141 Compose to a Vertical Rhythm “Space in typography is like time in music. It is infinitely divisible, but a few proportional intervals can be much more useful than a limitless choice of arbitrary quantities.” So says the typographer Robert Bringhurst, and just as regular use of time provides rhythm in music, so regular use of space provides rhythm in typography, and without rhythm the listener, or the reader, becomes disorientated and lost. On the Web, vertical rhythm – the spacing and arrangement of text as the reader descends the page – is contributed to by three factors: font size, line height and margin or padding. All of these factors must calculated with care in order that the rhythm is maintained. The basic unit of vertical space is line height. Establishing a suitable line height that can be applied to all text on the page, be it heading, body copy or sidenote, is the key to a solid dependable vertical rhythm, which will engage and guide the reader down the page. To see this in action, I’ve created an example with headings, footnotes and sidenotes. Establishing a suitable line height The easiest place to begin determining a basic line height unit is with the font size of the body copy. For the example I’ve chosen 12px. To ensure readability the body text will almost certainly need some leading, that is to say spacing between the lines. A line-height of 1.5em would give 6px spacing between the lines of body copy. This will create a total line height of 18px, which becomes our basic unit. Here’s the CSS to get us to this point: body { font-size: 75%; } html>body { font-size: 12px; } p { line-height 1.5em; } There are many ways to size text in CSS and the above approach provides and accessible method of achieving the pixel-precision solid typography requires. By way of explanation, the first font-size reduces the body text from the 16px default (common to most browsers and OS set-ups) down to the 12px we require. This rule is primarily there for Internet Explorer 6 and below on Windows: the percentage value means that the text will scale predictably should a user bump the text size up or down. The second font-size sets the text size specifically and is ignored by IE6, but used by Firefox, Safari, IE7, Opera and other modern browsers which allow users to resize text sized in pixels. Spacing between paragraphs With our rhythmic unit set at 18px we need to ensure that it is maintained throughout the body copy. A common place to lose the rhythm is the gaps set between margins. The default treatment by web browsers of paragraphs is to insert a top- and bottom-margin of 1em. In our case this would give a spacing between the paragraphs of 12px and hence throw the text out of rhythm. If the rhythm of the page is to be maintained, the spacing of paragraphs should be related to the basic line height unit. This is achieved simply by setting top- and bottom-margins equal to the line height. In order that typographic integrity is maintained when text is resized by the user we must use ems for all our vertical measurements, including line-height, padding and margins. p { font-size:1em; margin-top: 1.5em; margin-bottom: 1.5em; } Browsers set margins on all block-level elements (such as headings, lists and blockquotes) so a way of ensuring that typographic attention is paid to all such elements is to reset the margins at the beginning of your style sheet. You could use a rule such as: body,div,dl,dt,dd,ul,ol,li,h1,h2,h3,h4,h5,h6,pre,form,fieldset,p,blockquote,th,td { margin:0; padding:0; } Alternatively you could look into using the Yahoo! UI Reset style sheet which removes most default styling, so providing a solid foundation upon which you can explicitly declare your design intentions. Variations in text size When there is a change in text size, perhaps with a heading or sidenotes, the differing text should also take up a multiple of the basic leading. This means that, in our example, every diversion from the basic text size should take up multiples of 18px. This can be accomplished by adjusting the line-height and margin accordingly, as described following. Headings Subheadings in the example page are set to 14px. In order that the height of each line is 18px, the line-height should be set to 18 ÷ 14 = 1.286. Similarly the margins above and below the heading must be adjusted to fit. The temptation is to set heading margins to a simple 1em, but in order to maintain the rhythm, the top and bottom margins should be set at 1.286em so that the spacing is equal to the full 18px unit. h2 { font-size:1.1667em; line-height: 1.286em; margin-top: 1.286em; margin-bottom: 1.286em; } One can also set asymmetrical margins for headings, provided the margins combine to be multiples of the basic line height. In our example, a top margin of 1½ lines is combined with a bottom margin of half a line as follows: h2 { font-size:1.1667em; line-height: 1.286em; margin-top: 1.929em; margin-bottom: 0.643em; } Also in our example, the main heading is given a text size of 18px, therefore the line-height has been set to 1em, as has the margin: h1 { font-size:1.5em; line-height: 1em; margin-top: 0; margin-bottom: 1em; } Sidenotes Sidenotes (and other supplementary material) are often set at a smaller size to the basic text. To keep the rhythm, this smaller text should still line up with body copy, so a calculation similar to that for headings is required. In our example, the sidenotes are set at 10px and so their line-height must be increased to 18 ÷ 10 = 1.8. .sidenote { font-size:0.8333em; line-height:1.8em; } Borders One additional point where vertical rhythm is often lost is with the introduction of horizontal borders. These effectively act as shims pushing the subsequent text downwards, so a two pixel horizontal border will throw out the vertical rhythm by two pixels. A way around this is to specify horizontal lines using background images or, as in our example, specify the width of the border in ems and adjust the padding to take up the slack. The design of the footnote in our example requires a 1px horizontal border. The footnote contains 12px text, so 1px in ems is 1 ÷ 12 = 0.0833. I have added a margin of 1½ lines above the border (1.5 × 18 ÷ 12 = 2.5ems), so to maintain the rhythm the border + padding must equal a ½ (9px). We know the border is set to 1px, so the padding must be set to 8px. To specify this in ems we use the familiar calculation: 8 ÷ 12 = 0.667. Hit me with your rhythm stick Composing to a vertical rhythm helps engage and guide the reader down the page, but it takes typographic discipline to do so. It may seem like a lot of fiddly maths is involved (a few divisions and multiplications never hurt anyone) but good type setting is all about numbers, and it is this attention to detail which is the key to success. 2006 Richard Rutter richardrutter 2006-12-12T00:00:00+00:00 https://24ways.org/2006/compose-to-a-vertical-rhythm/ design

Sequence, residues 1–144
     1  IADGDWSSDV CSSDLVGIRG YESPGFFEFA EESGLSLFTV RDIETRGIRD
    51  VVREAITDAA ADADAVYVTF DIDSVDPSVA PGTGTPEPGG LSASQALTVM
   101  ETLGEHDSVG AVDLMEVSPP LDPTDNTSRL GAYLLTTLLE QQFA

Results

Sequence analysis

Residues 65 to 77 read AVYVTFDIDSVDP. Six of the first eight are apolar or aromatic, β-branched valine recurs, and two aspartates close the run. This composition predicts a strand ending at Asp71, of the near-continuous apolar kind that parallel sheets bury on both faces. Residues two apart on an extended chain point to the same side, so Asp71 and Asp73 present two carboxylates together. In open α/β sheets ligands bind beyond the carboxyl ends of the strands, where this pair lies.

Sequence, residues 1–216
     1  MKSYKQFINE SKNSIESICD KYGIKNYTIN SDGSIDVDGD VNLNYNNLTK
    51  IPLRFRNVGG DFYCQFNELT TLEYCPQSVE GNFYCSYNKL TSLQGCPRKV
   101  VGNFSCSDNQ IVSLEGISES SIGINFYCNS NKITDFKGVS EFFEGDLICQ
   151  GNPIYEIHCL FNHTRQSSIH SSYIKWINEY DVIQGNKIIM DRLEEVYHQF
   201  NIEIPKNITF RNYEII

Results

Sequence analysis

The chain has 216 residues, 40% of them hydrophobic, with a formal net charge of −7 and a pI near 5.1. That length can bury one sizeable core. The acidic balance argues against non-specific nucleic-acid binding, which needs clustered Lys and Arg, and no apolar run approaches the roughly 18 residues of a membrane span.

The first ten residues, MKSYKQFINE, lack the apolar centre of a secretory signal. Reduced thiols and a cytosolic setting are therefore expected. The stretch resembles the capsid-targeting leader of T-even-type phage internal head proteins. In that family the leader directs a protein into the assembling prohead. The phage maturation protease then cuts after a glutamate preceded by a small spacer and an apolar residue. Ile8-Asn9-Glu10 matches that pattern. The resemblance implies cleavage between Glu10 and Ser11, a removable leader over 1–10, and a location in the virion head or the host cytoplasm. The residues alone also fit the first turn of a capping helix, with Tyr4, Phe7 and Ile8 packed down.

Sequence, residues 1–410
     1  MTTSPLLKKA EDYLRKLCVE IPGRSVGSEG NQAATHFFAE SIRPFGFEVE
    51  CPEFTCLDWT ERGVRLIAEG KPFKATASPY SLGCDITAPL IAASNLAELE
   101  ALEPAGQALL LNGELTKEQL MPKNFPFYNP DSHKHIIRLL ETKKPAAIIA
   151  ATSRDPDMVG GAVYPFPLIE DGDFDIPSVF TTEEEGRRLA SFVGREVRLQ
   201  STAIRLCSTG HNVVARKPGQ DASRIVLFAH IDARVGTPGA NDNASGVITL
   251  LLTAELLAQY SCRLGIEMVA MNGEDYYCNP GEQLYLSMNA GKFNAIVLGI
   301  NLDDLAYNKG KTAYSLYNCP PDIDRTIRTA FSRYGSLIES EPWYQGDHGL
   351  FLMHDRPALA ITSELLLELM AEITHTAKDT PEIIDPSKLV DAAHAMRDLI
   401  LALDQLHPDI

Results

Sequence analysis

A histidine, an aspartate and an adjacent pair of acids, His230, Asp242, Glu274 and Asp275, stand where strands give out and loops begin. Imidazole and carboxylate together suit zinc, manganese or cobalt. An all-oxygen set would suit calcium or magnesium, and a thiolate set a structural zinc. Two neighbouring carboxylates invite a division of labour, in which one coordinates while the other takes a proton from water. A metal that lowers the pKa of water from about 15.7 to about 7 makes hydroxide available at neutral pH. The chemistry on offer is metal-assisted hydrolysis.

142 Revealing Relationships Can Be Good Form A few days ago, a colleague of mine – someone I have known for several years, who has been doing web design for several years and harks back from the early days of ZDNet – was running through a prototype I had put together for some user testing. As with a lot of prototypes, there was an element of ‘smoke and mirrors’ to make things look like they were working. One part of the form included a yes/no radio button, and selecting the Yes option would, in the real and final version of the form, reveal some extra content. Rather than put too much JavaScript in the prototype, I took a preverbial shortcut and created a link which I wrapped around the text next to the radio button – clicking on that link would cause the form to mimic a change event on the radio button. But it wasn’t working for him. Why was that? Because whereas I created the form using a <label> tag for each <input> and naturally went to click on the text rather than the form control itself, he was going straight for the control (and missing the sneaky little <a href> I’d placed around the text). Bah! There goes my time-saver. So, what did I learn? That a web professional who has used the Internet for years had neither heard of the <label> tag, nor had he ever tried clicking on the text. It just goes to show that despite its obvious uses, the label element is not as well known as it rightfully deserves to be. So, what’s a web-standards-loving guy to do? Make a bit more bleedin’ obvious, that’s what! The Mouse Pointer Trick OK, this is the kind of thing that causes some people outrage. A dead simple way of indicating that the label does something is to use a snippet of CSS to change the default mouse cursor to a hand. It’s derided because the hand icon is usually used for links, and some would argue that using this technique is misleading: label { cursor: pointer; } This is not a new idea, though, and you didn’t come here for this. The point is that with something very simple, you’ve made the label element discoverable. But there are other ways that you can do this that are web standards friendly and won’t upset the purists quite so much as the hand/pointer trick. Time to wheel in the JavaScript trolley jack … Our Old Friend AddEvent First things, first, you’ll need to use the addEvent function (or your favourite variation thereof) that Scott Andrew devised and make that available to the document containing the form: function addEvent(elm, evType, fn, useCapture) { if(elm.addEventListener) { elm.addEventListener(evType, fn, useCapture); return true; } else if (elm.attachEvent) { var r = elm.attachEvent('on' + evType, fn); return r; } else { elm['on' + evType] = fn; } } Finding All Your Labels Once you’ve linked to the addEvent function (or embedded it on the page), you can start to get your JavaScripting fingers a-flexing. Now, what I’m suggesting you do here is: Identify all the label elements on the page by working your way through the DOM Find out the value of the for attribute for each label that you uncover Attach a behaviour or two to each of those label elements – and to the input that the label relates to (identified with the for attribute) Here’s the technobabble version of the steps above: function findLabels() { var el = document.getElementsByTagName("label"); for (i=0;i<el.length;i++) { var thisId = el[i].getAttribute("for"); if ((thisId)==null) { thisId = el[i].htmlFor; } if(thisId!="") { //apply these behaviours to the label el[i].onmouseover = highlightRelationship; el[i].onmouseout = hideRelationship; } } } function highlightRelationship() { var thisId = this.getAttribute("for"); if ((thisId)==null) { thisId = this.htmlFor; } this.className="showRel"; document.getElementById(thisId).className="showRel"; //if (document.getElementById(thisId).type=="text") document.getElementById(thisId).select(); } function hideRelationship() { var thisId = this.getAttribute("for"); if ((thisId)==null) { thisId = this.htmlFor; } this.className=""; document.getElementById(thisId).className=""; } addEvent(window, 'load', findLabels, false); Using the above script, you can apply a CSS class (I’ve called it showRel) to the elements when you hover over them. How you want it to look is up to you, of course. Here are a few examples of the idea. Note: the design is not exactly what you’d call ‘fancy’, and in the examples there is one input that looks broken but it is deliberately moved away from the label it relates to, just to demonstrate that you can show the relationship even from afar. Background colour changes on hover Background colour change + mouse pointer trick Background colour change + mouse pointer trick + text selection Hopefully you’ll agree that using an unobtrusive piece of JavaScript you can make otherwise ‘shy’ elements like the label reveal their true colours. Although you might want to tone down the colours from the ones I’ve used in this demo! 2006 Ian Lloyd ianlloyd 2006-12-13T00:00:00+00:00 https://24ways.org/2006/revealing-relationships-can-be-good-form/ ux